However, it is necessary to distinguish between the main trends within those different, and not necessarily interconnected, claims of the secularization thesis, which is argued here to have a fundamental impact on the theoretical and historical visions of IR. Casanova (2011) classifies different forms of secularizations under three sub-arguments, which have been fallaciously mixed under one secularization thesis: (1) secularization as “the institutional differentiation” of secular spheres from the religious ones; (2) secularization as “the decline of religious thought concomitant of levels of modernization”; (3) secularization as “the privatization of religion” as a precondition of modern, secular, and democratic politics (Casanova, 2011: 60). Each of these disconnected meanings has its own repercussions in the conventional IR literature. The first is with respect to the scientific stance of IR as a specialized discipline: knowledge shall prevail over faith. The second one constitutes a doxa behind IR’s theoretical framings of international politics: a modern actor cannot behave with religious motivations. The third one relates to the starting point of the ‘identifiable history’ of modern international relations: the pre-Westphalian religious world is irrelevant to the modern international system. Whereas the first of those influences reflects an expectable development in accordance with the essential scientific objectivity, the latter come with several drawbacks. 
Definition I: Secularization and Scientism
Institutional differentiation set the general parameters of the modern governance. Amongst the consequences of this wide-range institutional differentiation, as the modern world necessitated it, religious and secular spheres were to be de-combined in a manner to set IR studies free from religious and cultural pre-modern elements. Functional differentiation has been regarded as a key to any activity of the modern life, in which the roles of institutions have been defined merely through their specialized functions as parts of a whole. Max Weber strenuously asserted long ago that “a really definitive and good accomplishment is today always a specialized accomplishment” (Weber, 1991: 135).
Functional differentiation of the religious and the secular did not only mean an institutional separation of the church from the state. It also meant for “the autonomization of societal sectors from the domination of religious meaning” (Berger et. al, 1966: 74). This paved the way for the dominant positivist thinking that has been determining the confines of the mainstream IR for so long. In line with this thinking, the faculties of the social sciences and the humanities were separated from each other: the former would function with value-freedom and scientific objectivity, as the latter would to continue studying on religion and moral philosophy.
In a sense, this transformation was a desirable one for true scientism, which is expected to deny ‘wearing glasses’ of mere subjectivity under the shadow of religious or cultural prejudices. Otherwise, it would have forced one to try to justify the scientifically unjustifiable in many circumstances. Within this context, the added value of secularization was apparent in its endeavour to free the social sciences from “the irrationality of belief” (Taylor, 2007: 269), as the secular mind confers the required value-freedom upon the scientist. However, this mind-set eliminates religious prejudices with the cost of bringing prejudices of its own. The following chapters are on the secularization thesis with its own prejudices.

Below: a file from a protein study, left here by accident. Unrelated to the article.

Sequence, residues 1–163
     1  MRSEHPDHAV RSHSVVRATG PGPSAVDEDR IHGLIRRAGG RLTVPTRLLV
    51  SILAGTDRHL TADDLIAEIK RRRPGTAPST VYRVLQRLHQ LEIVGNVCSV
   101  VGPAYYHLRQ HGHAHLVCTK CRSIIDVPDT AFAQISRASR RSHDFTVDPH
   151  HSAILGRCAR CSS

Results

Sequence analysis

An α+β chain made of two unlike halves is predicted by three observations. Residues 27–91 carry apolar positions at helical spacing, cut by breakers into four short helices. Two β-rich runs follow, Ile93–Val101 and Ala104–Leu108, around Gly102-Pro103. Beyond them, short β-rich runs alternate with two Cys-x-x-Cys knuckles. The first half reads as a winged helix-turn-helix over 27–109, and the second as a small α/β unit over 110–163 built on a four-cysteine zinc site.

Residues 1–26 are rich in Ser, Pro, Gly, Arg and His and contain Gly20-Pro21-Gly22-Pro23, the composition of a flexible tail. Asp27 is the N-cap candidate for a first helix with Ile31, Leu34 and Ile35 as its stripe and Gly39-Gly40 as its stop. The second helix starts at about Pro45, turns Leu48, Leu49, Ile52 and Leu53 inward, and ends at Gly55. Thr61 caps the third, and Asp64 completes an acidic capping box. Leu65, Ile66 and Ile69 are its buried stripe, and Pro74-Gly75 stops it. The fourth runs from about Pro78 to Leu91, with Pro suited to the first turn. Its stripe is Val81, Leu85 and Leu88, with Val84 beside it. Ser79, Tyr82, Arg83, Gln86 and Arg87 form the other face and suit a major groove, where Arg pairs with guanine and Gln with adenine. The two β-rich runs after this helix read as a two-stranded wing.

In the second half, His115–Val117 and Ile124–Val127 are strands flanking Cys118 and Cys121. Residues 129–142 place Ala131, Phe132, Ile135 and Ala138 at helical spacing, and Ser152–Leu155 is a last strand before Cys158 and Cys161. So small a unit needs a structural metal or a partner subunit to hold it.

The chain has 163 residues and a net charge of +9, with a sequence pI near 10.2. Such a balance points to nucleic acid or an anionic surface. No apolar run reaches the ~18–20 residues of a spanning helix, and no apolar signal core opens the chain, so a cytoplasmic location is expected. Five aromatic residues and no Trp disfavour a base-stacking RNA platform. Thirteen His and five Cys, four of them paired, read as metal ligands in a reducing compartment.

Definition II: Secularization and International Relations Theory
The ‘secularization process’, as Durkheim, Bentham, Marx, Comte and many others foresaw it, was one of chronological religious decline. The purification of the individual mind from medieval religiosity, or assuming as such for the near future, had deep-rooted and misleading consequences in mainstream IR. These thinkers favoured what they called the human mind against the superstitious. By the time ‘knowledge’ prevailed over ‘belief’, it would inevitable that religious dogmatism would disappear according to the future projections.  This constituted a core claim of the secularization thesis.
It is a popularly embraced narrative that ‘the replacement of God by Man’ announced the end of the medieval ages and the beginning of modern politics, of which the writings of Machiavelli represent the introduction. Machiavelli was the first challenge presented by ‘modern’ thinking against ancient mind-sets. Within this context, Machiavelli’s non-merciful, pragmatic political morality was to be classified among the primary documents of the international relations theory of classical realism. On the other hand, from an uneasy pre-modern perspective, Machiavelli would be labelled as a “teacher of evil”, as was famously described by Strauss (1958: 10). Strauss rejects judging Machiavelli from a modern perspective: